Soil Judging: More than just Dirt

After competition, the group traveled to Canoe Creek for a nature hike and to learn about furnances found along the trail. Picture from left to right: Jaylon Beck, Colby Daughenbaugh, Haylee Blowers, Logan Johnston, Haley Miller, McKayliee Robinson, MaKenna LaRosa, and Kobi Brower

Why are soils important to understand? This is the question first asked to the Tyrone Area High School Natural Resources and Ecology class in late September.  

From this question, lessons evolved on soil types, drainage, ribbon testing, and slope determination. On October 5th nine Tyrone students attended the Blair County Conservation Soil Judging event.  

“I will be the first to admit that preparing for the event in October, I’m really doing a crash course and know the students will only have a very basic understanding of the event,” said Tyrone Area Agricultural Educator/FFA Advisor, Tiffany Hoy, “Yet, to take them out into the fields where real pits are dug and conservation members review what they students are doing, is an amazing opportunity.”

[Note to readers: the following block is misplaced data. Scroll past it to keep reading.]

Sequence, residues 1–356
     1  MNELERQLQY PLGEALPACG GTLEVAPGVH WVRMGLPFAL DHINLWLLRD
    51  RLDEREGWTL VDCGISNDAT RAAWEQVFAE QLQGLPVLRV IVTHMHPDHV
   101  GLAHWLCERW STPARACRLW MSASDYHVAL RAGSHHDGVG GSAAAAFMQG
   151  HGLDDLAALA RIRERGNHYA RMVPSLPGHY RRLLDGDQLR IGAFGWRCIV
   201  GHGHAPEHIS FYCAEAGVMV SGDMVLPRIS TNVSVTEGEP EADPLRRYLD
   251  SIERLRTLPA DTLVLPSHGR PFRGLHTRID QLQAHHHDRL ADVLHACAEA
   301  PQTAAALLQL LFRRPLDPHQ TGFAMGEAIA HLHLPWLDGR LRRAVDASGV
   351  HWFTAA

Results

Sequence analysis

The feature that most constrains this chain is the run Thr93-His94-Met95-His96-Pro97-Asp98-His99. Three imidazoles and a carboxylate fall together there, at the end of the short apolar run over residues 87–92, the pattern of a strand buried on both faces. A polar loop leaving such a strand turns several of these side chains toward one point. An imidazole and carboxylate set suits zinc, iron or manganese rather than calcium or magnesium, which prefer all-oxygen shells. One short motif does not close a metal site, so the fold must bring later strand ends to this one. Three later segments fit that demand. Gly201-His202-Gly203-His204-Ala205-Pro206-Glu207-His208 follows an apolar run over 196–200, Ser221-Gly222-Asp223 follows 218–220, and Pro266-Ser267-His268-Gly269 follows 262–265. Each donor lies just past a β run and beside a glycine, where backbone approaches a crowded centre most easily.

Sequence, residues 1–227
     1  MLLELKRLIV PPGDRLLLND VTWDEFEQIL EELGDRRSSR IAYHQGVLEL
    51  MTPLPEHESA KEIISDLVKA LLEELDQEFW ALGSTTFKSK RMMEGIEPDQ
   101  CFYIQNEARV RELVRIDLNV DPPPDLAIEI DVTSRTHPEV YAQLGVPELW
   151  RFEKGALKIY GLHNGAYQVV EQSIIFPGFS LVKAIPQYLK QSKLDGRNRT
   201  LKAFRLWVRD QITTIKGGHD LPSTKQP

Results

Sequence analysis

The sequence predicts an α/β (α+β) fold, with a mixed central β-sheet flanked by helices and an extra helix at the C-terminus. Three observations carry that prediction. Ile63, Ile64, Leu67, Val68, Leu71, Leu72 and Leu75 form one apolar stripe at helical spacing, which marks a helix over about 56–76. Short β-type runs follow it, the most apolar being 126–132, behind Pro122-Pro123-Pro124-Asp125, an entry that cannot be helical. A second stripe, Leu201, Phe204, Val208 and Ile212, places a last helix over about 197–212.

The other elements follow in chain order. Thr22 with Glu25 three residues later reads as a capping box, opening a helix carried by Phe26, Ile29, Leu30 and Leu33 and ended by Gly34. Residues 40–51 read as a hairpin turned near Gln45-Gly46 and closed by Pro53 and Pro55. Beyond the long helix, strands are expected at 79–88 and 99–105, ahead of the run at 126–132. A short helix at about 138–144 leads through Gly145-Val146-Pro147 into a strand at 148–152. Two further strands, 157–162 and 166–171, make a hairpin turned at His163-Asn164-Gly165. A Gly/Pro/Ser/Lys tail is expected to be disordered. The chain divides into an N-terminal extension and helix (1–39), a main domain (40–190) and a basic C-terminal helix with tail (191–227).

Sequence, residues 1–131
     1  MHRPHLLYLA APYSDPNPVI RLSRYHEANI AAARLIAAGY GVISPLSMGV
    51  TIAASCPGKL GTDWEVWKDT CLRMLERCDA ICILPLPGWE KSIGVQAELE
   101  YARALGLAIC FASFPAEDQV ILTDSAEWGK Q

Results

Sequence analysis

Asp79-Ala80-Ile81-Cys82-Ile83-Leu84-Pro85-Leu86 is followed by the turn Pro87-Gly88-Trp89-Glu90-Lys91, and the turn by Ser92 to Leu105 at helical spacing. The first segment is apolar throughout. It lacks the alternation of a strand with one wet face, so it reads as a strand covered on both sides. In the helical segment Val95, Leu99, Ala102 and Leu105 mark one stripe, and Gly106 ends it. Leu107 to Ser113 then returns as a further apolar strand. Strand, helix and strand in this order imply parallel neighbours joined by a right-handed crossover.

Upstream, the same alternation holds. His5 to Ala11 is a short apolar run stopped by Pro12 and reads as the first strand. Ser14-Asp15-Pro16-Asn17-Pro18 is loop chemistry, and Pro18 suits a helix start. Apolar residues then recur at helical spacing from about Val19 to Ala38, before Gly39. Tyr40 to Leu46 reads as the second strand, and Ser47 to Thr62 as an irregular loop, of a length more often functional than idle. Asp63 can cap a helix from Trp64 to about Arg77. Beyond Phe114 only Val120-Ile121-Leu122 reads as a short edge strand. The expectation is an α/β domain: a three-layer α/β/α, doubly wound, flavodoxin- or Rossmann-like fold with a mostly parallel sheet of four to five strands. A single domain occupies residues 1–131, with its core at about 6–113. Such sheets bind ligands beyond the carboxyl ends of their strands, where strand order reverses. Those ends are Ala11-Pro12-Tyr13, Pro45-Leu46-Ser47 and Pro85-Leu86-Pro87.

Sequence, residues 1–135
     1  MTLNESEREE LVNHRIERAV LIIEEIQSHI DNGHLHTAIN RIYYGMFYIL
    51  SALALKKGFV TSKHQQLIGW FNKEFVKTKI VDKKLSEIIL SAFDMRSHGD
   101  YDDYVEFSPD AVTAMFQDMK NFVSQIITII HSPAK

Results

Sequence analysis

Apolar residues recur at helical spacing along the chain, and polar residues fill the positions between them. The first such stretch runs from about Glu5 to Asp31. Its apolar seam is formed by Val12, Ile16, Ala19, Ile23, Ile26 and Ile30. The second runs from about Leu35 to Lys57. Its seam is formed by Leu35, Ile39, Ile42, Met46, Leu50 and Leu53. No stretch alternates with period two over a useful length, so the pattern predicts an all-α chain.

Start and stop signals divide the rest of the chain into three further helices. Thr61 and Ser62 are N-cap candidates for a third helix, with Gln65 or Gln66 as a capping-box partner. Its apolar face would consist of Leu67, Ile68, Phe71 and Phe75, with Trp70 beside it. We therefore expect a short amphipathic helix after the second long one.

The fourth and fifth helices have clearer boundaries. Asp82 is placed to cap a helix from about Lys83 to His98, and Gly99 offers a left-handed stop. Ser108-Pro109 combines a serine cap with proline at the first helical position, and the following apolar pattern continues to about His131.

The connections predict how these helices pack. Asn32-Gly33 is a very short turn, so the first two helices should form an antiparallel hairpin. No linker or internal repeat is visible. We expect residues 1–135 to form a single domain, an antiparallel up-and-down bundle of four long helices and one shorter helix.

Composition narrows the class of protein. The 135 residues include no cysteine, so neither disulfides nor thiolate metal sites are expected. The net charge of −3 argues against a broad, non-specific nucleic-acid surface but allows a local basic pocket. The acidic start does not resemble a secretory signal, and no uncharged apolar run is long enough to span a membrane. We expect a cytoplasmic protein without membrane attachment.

I would encourage others to go and get experience in soil judging, however, you need to make sure you study outside of class-time.”

— Makenna Larosa

“I would encourage others to go and get experience in soil judging, however, you need to make sure you study outside of class-time,” said FFA member MaKenna LaRosa.

Each member judged three soil pits and on the one pit the students were asked to determine slope. In the NRE course, the students are exposed to a clinometer, but Mrs. Hoy has her students utilize the slope formula taught in math classes.

“Going out and actually using the formula helped me to have a better understanding slope,” said sophomore Haley Miller.

FFA team members included:

Jaylon Beck (senior)

Haylee Blowers (junior)

Kobi Brower (junior)

Colby Daughenbaugh (sophomore)

Logan Johnston (sophomore)

MaKenna LaRosa (junior)

Haley Miller (sophomore)

McKayliee Robinson (junior)

Bree Weaver (junior)